CANADA FX DEBT-C$ stabilizes as domestic data offsets lower oil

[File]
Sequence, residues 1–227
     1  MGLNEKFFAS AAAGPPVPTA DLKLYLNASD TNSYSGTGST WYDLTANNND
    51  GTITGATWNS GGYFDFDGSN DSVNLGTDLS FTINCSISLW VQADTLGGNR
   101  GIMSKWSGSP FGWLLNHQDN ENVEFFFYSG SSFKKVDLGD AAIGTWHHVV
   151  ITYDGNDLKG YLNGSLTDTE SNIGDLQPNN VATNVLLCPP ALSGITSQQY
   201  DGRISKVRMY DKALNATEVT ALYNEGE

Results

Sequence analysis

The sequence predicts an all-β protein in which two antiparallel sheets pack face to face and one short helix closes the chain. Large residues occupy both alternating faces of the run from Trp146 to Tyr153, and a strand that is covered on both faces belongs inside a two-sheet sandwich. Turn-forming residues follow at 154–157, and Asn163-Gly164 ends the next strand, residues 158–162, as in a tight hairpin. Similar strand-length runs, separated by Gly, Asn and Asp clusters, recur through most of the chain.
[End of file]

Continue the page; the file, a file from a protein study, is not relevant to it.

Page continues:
* Canadian dollar at C$1.3084, or 76.43 U.S. cents * Loonie touched its weakest since July 11 at C$1.3139 * Bond prices lower across the maturity curve By Fergal Smith TORONTO, July 22 (Reuters) - The commodity-linked Canadian dollar was little changed against its U.S. counterpart on Friday after rebounding from an 11-day low as stronger-than-expected domestic data offset lower oil prices. Canadian retail sales rose by 0.2 percent in May from April to hit a record C$44.28 billion, Statistics Canada said. The gain, the fourth in five months, topped a forecast of no growth in a Reuters poll. Sales excluding autos jumped 0.9 percent. Canada's annual inflation rate held at 1.5 percent in June, slightly firmer than analysts had forecast. The core inflation rate, which strips out the prices of some volatile items and is closely watched by the Bank of Canada, remained at 2.1 percent. "I guess the surprise is that the core inflation hasn't been weaker than it has, and the longer we stay over 2 percent as the economy does do better then it does bring the Bank of Canada back on the horizon as likely to tighten and not ease," said Richard Gilhooly, head of rates strategy at CIBC Capital Markets. At 9:35 a.m. EDT (1335 GMT), the Canadian dollar was trading at C$1.3084 to the greenback, or 76.43 U.S. cents, slightly stronger than Thursday' close of C$1.3086, or 76.42 U.S. cents. The currency's strongest level of the session was C$1.3055, while it touched its weakest since July 11 at C$1.3139. The Bank of Canada may continue to blame past depreciation of the Canadian dollar for core inflation running above its 2 percent target, said Nathan Janzen, senior economist at Royal Bank of Canada. "But that argument is going to start to have less credibility towards the end of the year, unless we get another depreciation (in the currency)," Janzen added. Crude futures were on track for weekly losses as investors reassessed U.S. data on oil stocks and excesses in oil products in Europe and Asia. U.S. crude prices were down 0.49 percent to $44.53 a barrel. Canadian government bond prices were lower across the maturity curve, with the two-year price down 5.5 Canadian cents to yield 0.595 percent and the benchmark 10-year falling 35 Canadian cents to yield 1.139 percent. On Thursday, the 10-year yield touched its highest in nearly four weeks at 1.174 percent. (Reporting by Fergal Smith; Editing by Meredith Mazzilli)
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